Graduation Date

Summer 2017

Document Type

Thesis

Program

Master of Science degree with a major in Kinesiology, option Teaching/Coaching

Committee Chair Name

Rock Braithwaite

Committee Chair Affiliation

HSU Faculty or Staff

Second Committee Member Name

Chris Hopper

Second Committee Member Affiliation

HSU Faculty or Staff

Third Committee Member Name

Sean Healy

Third Committee Member Affiliation

HSU Faculty or Staff

Subject Categories

Kinesiology

Abstract

There is little data to show evidence-based practices in adapted physical education and whether it is working or not. There is a lack of information currently on the frequency that assessments are being done, on the disabilities that are being assessed or should be assessed with each test, and on the uses of the assessments that are being done. The aim of this paper is to assess and synthesize all evidence-based practices on psychomotor outcomes in adapted physical education using a meta-analysis. Data was sourced from computerized searches using the following databases: SPORT Discus, PsycINFO, PsycARTICLES, Pub Med (Medline), Cochrane Database, Omni File Full Text Mega, ProQuest, Child Development and Adolescent Studies and ERIC. Studies must have been conducted in a physical education/physical activity setting, including children between age 3-22, describe and use assessment practices or intervention in the physical education/physical activity setting, show quantitative statistics and correlations to estimate effect and be conducted between January 1970 and February 2015. The average treatment effect for all evidence-based assessments was small (g= -0.16; SE=.04; 95% C.I.= -0.24, -0.08; p<.05). Results between subgroups were not significant for any of the subgrouping variables. Overall, more studies are needed with quantitative data, over longer periods of time, to prove any effectiveness of evidence-based assessments in adapted physical education.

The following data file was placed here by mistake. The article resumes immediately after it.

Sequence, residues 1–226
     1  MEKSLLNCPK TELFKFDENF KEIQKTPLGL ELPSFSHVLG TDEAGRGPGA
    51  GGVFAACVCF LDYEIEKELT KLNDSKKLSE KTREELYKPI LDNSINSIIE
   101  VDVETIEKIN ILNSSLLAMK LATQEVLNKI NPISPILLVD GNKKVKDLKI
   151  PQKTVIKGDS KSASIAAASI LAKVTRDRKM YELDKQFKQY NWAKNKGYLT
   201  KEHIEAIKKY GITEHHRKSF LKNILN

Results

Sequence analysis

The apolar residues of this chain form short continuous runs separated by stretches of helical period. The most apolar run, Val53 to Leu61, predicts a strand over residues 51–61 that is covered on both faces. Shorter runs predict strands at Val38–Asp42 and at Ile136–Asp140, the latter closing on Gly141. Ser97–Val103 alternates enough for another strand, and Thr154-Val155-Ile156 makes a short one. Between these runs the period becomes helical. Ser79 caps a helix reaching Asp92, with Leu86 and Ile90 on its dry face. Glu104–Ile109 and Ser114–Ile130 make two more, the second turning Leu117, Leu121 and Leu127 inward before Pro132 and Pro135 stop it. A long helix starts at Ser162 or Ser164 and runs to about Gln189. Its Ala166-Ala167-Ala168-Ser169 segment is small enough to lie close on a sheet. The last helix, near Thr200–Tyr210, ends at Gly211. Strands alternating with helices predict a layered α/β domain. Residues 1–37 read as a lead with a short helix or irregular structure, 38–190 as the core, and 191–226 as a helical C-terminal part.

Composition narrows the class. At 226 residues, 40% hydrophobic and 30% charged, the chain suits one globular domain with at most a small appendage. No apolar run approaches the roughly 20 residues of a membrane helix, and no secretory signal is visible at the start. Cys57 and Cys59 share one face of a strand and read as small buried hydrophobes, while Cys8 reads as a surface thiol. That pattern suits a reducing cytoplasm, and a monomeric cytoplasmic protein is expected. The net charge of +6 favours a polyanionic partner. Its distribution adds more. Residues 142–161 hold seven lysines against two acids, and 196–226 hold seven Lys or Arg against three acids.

Citation Style

APA

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